Thousands queued up on Monday to pay their respects to King Richard III of England, whose remains were found in a car park over 500 years after his death and will be reburied this week.
Vilified since his death on the battlefield at Bosworth in 1485, the English king is now apparently being rehabilitated in British hearts after some 35,000 people lined the streets of Leicester in central England to view his funeral cortege Sunday.
A requiem mass -- a Catholic prayer ceremony for the deceased -- is due to be celebrated in the city later on Monday, part of five days of events leading up to the king's reinterment at Leicester's medieval cathedral on Thursday.
"Richard was not a man of peace. The times in which he lived and the role into which he was born did not permit that. But now we pray for his eternal peace," Cardinal Vincent Nichols is expected to say in a homily.
The monarch's coffin was draped in a dark pall and flanked by armed forces veterans, as visitors filed past.
One of those viewing the coffin, 80-year-old David Davies, said: "With such a chequered history, even after death, it does still demand recognition as he is a king."
The Bishop of Leicester, Tim Stevens, added that there was a "tone of recognition" in the city as it remembered the fallen monarch.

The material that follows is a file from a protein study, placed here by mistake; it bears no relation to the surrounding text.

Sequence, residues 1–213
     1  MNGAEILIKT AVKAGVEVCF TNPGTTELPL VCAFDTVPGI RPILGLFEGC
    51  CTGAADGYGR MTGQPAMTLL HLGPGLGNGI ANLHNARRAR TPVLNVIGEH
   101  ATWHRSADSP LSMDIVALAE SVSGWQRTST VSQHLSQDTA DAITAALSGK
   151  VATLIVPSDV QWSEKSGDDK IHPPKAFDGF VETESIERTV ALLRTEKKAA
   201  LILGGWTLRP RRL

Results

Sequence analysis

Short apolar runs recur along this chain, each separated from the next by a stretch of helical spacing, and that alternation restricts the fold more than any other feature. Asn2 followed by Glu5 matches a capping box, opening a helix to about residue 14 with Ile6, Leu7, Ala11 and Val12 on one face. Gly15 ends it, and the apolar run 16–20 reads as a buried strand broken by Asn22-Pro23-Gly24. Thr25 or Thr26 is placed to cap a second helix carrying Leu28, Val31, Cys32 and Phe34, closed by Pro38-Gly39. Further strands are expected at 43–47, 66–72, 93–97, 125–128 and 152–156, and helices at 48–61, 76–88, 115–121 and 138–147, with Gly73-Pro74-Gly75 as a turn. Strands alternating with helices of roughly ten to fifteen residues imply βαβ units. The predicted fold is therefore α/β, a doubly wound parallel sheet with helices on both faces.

"Whatever your faith, or whatever part of the tradition you come from, as that coffin entered the church you are brought face to face with your own mortality," he added.
Richard's remains were sealed in a lead box, and his bones packed in with woollen fleece, wadding and unbleached linen. Small bones were placed in linen bags, and a rosary placed inside.
The box is inside a 1.8-metre-long oak coffin, made by Canadian carpenter Michael Ibsen, who is Richard's nephew 16 times removed and his closest living relative.
-- DNA match --
Richard, the last of the Plantagenet dynasty, ruled England from 1483 until he was killed near Leicester by soldiers loyal to Henry Tudor, later Henry VII.
The slain 32-year-old was buried without fanfare at Greyfriars monastery, which was demolished in the 1530s and Richard's remains were thought lost.
But a team of enthusiasts unearthed them in 2012 and matching Ibsen's DNA to that of the skeleton found under a municipal car park helped identify Richard's remains.
Another was the skeleton's distinctive curved spine which matched descriptions of the king at the time, and radiocarbon analysis dating the skeleton to between 1455 and 1540.
The discovery of his skeleton encouraged scholars to look again at Richard's record of social reform, rather than rely on Shakespeare's Tudor-era portrayal of him as a murderous tyrant.
Historians credit Richard for developing the presumption of innocence in the legal system and the practice of granting bail.
However, he is also accused in Shakespeare's play "Richard III" of killing his nephews to claim the throne.